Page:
The comfort and air quality in work and living environments influence people’s health and ability to perform daily activities. Because of air pollution in closed environments, but also of problems relating to microclimate or other physical pollutants, health-related consequences have been identified: they are linked to the building conditions such as work environment, living environment or environment of collective life (schools, institutes).
This is the Sick Building Syndrome and refers to a specific phenomenon described for the first time in the United States in the Seventies: it characterizes a particular situation of discomfort of the occupants of buildings which showed symptoms such as irritation of the airways, coughs, nausea, fatigue from unknown causes and that disappeared once left the office or home.
In the Eighties, the World Health Organization also recognized the problems related to indoor pollution and bad microclimate in the workplace: the belief that the problem lies in the residents was replaced by the assessment according to which it is the office to be “sick” due to the pollution of the premises.
Although there are many significant episodes recorded worldwide, there are no official methods to diagnose the “Sick building syndrome”: it is not a recognized pathology, but a general wording that helps in describing this peculiar situation. However, it is also true that concurrent factors can be identified: pollutants deriving from building materials, poor ventilation, poor management of heating systems, indoor air pollution, noise and abnormal vibrations.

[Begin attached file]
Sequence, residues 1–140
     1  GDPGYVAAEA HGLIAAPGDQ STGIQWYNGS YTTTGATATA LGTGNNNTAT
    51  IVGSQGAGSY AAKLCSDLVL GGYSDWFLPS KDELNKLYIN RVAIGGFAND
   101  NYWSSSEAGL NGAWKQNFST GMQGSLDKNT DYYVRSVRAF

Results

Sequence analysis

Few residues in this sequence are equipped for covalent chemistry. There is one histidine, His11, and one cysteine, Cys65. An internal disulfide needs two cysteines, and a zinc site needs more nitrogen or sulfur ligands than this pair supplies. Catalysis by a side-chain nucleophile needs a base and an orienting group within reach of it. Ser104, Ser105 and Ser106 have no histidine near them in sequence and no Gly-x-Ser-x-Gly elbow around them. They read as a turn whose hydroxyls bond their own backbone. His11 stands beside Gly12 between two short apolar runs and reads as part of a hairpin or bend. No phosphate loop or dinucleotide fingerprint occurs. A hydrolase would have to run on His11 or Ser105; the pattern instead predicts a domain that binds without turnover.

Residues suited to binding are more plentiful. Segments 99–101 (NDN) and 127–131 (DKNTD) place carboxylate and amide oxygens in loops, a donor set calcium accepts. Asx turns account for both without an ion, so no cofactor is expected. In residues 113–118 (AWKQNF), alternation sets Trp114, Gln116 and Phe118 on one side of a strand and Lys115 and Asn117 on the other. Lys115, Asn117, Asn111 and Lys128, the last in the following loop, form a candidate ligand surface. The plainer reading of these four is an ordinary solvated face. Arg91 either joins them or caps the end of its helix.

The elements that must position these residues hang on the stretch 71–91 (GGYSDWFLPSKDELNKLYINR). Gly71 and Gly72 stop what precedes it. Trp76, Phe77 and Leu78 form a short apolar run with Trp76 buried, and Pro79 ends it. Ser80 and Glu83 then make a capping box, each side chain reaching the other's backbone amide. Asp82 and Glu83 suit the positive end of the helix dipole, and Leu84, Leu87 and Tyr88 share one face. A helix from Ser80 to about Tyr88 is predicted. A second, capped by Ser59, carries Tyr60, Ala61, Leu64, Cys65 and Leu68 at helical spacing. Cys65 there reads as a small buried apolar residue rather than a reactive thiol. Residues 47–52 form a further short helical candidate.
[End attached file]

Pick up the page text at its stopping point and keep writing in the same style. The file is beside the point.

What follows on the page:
Mérieux NutriSciences studies the factors that can contribute to indoor pollution, namely chemical, microbiological and physical agents, and it provides useful data to evaluate the healthiness of buildings.
The most common indoor air pollutants Mérieux NutriSciences monitors:
- Acetic acid coming from X-ray devices and silicone
- Carbon dioxide –also produced by human respiration– excessive in environments that are not well ventilated or with insufficient air circulation
- Carbon monoxide, produced by tobacco smoke and devices powered by fossil fuels
- Formaldehyde in glues, adhesives, fabrics and furniture panels
- Oxides of nitrogen, smoke and welding
- Ozone released by photocopying machines, for example
- Radon, a radioactive gas that may be present in building materials
- Volatile Organic Compounds from various sources such as paints, insecticides, machinery, etc.
- Various inorganic gases
- Asbestos or synthetic fibers used for insulation
- Microbiological contaminants, including viruses, fungi, molds, bacteria
As for indoor environments, Mérieux NutriSciences can also monitor physical agents that can affect the well-being and health of people living and staying in the building: noise, vibrations, microclimate and thermal stress.